July 30, 2018


#07 – Deep Dive: Lp(a) — what every doctor, and the 10-20% of the population at risk, needs to know

"Elevated Lp(a) may have conferred a survival advantage for most of human history: a better ability to deal with acute trauma, but possibly at the expense of poor handling of chronic damage. In today's environment, for many people, that's not an advantage." —Peter Attia

Read Time 11 minutes

This is our first “deep dive” episode that goes into detail on one topic. Pronounced, el-pee-little-a, this lipoprotein is simply described as a low-density lipoprotein (LDL) that has an apoprotein “a” attached to it…but Lp(a) goes far beyond its description in terms of its structure, function, and the role that it plays in cardiovascular health and disease. Affecting about 1-in-5 people, and not on the radar of many doctors, this is a deep dive into a very important subject for people to understand.


* If you would like us to do a deep dive on a particular topic, please submit your request to the comments section of this post. Please look at the existing comments before posting, and “upvote” the topic (or topics) you want us to cover. *

Note: this podcast gets technical at times. The figures in the show notes are your friends. They truly speak more than a 1,000 words apiece. I can’t emphasize enough how helpful it is to look at the figures before, during, and/or after I try verbally walk you through things like kringle repeats, molecular weight isoforms, lysine-binding domains, and plasminogen homology, as a few examples. If you stick with it, I think you will be rewarded.

We discuss:

  • A quick primer on lipoproteins [7:30];
  • Intro to Lp(a) [11:00];
  • Lab tests for Lp(a) and reference ranges [20:00];
  • The physiologic functions of Lp(a) [31:00];
  • The problems associated with high Lp(a) [34:15];
  • Lipid-lowering therapies of Lp(a) [44:45];
  • Lp(a) modification through lifestyle intervention [1:00:45];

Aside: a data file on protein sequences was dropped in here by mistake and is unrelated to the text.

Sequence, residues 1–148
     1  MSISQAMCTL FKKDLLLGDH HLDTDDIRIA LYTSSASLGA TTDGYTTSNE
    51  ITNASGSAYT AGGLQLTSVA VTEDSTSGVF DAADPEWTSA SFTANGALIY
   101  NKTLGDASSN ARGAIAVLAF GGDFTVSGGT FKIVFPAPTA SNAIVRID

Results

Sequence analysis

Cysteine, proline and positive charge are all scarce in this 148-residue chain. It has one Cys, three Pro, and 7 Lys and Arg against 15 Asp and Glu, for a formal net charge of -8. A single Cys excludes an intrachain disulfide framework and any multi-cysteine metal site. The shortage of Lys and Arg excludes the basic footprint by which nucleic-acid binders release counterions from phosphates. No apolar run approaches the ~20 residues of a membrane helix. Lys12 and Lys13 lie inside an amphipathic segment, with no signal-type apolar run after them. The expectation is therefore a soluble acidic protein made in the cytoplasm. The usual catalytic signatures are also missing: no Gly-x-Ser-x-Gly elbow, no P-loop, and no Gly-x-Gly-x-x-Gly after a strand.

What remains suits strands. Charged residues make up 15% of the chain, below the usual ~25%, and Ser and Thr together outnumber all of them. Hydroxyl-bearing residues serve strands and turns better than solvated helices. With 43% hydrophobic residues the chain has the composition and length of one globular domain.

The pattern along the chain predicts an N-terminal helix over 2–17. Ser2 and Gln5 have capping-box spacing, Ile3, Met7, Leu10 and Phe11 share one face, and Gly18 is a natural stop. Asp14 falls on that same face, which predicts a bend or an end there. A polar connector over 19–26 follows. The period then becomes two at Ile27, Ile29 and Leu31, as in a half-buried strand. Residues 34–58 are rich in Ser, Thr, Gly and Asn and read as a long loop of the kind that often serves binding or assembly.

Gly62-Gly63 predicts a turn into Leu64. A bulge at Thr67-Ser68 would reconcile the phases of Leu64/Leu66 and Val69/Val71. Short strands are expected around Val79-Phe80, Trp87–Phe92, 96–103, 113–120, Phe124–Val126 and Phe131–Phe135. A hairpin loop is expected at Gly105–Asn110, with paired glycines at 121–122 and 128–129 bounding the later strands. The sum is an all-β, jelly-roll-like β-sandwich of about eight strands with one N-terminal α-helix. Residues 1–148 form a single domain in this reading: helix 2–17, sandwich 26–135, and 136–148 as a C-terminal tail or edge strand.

• High LDL-P on a ketogenic/low-carb-high-fat diet [1:05:30]; and
  • More



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  1. In the show notes you mention the 2 Lp(a) SNPs but in the podcast, I didn’t hear mention of those. Can you please feature these SNPs?

  2. Please deep dive dietary ketosis especially talking about risks/benefits of short term, intermittent, and life-long adherence.

  3. I’m one of those 1 in 10 who is homozygous for at least one LPA mutation and have elevated LP(a). Big light went off when I learned this…as despite low cholesterol and not many risk factors, all four of my grandparents died of stroke or MI (although in 70s or 80s). I have known about this for about 7 years now and experimented with all sorts of interventions. I can say hands down, I am also one those people who does not do well on keto..I rarely enter ketosis despite getting 90% of fat (mostly monounsaturated as I follow a mediterranean ketogenic diet: olives, avocado, etc.) and I feel horrible. My LDL-P and fasting blood glucose go up. I think one explanation may be falling into one of the categories for Keto diet contraindications:
    Carnitine deficiency (primary)
    • Carnitine palmitoyltransferase (CPT) I or II deficiency and Carnitine translocase deficiency, CAT
    • Fatty Acid Desaturase Deficiency FADS
    • b-oxidation defects
    • Medium-chain acyl dehydrogenase deficiency (MCAD)
    • Long-chain acyl dehydrogenase deficiency (LCAD)
    • Short-chain acyl dehydrogenase deficiency (SCAD)
    • Long-chain 3-hydroxyacyl-CoA deficiency
    • Medium-chain 3-hydroxyacyl-CoA deficiency
    • Pyruvate carboxylase deficiency
    • Porphyria
    While, the autosomal recessive “xCAD” loss of function metabolic diseases are rare, being heterozygous for some of the responsible alleles is not, and I carry several of those. I suspect my ability to switch from carb to fat burning is compromised/less efficient as compared to someone without those alleles.
    Long story short: Over time what I feel best on (and is supported my significantly improved HbA1C, LDL-P, TG, total Chol, c-peptide, hsCRP) is following a whole foods, plant based diet, switching back to oral estradiol (I’m postmenopausal) and plenty of exercise.

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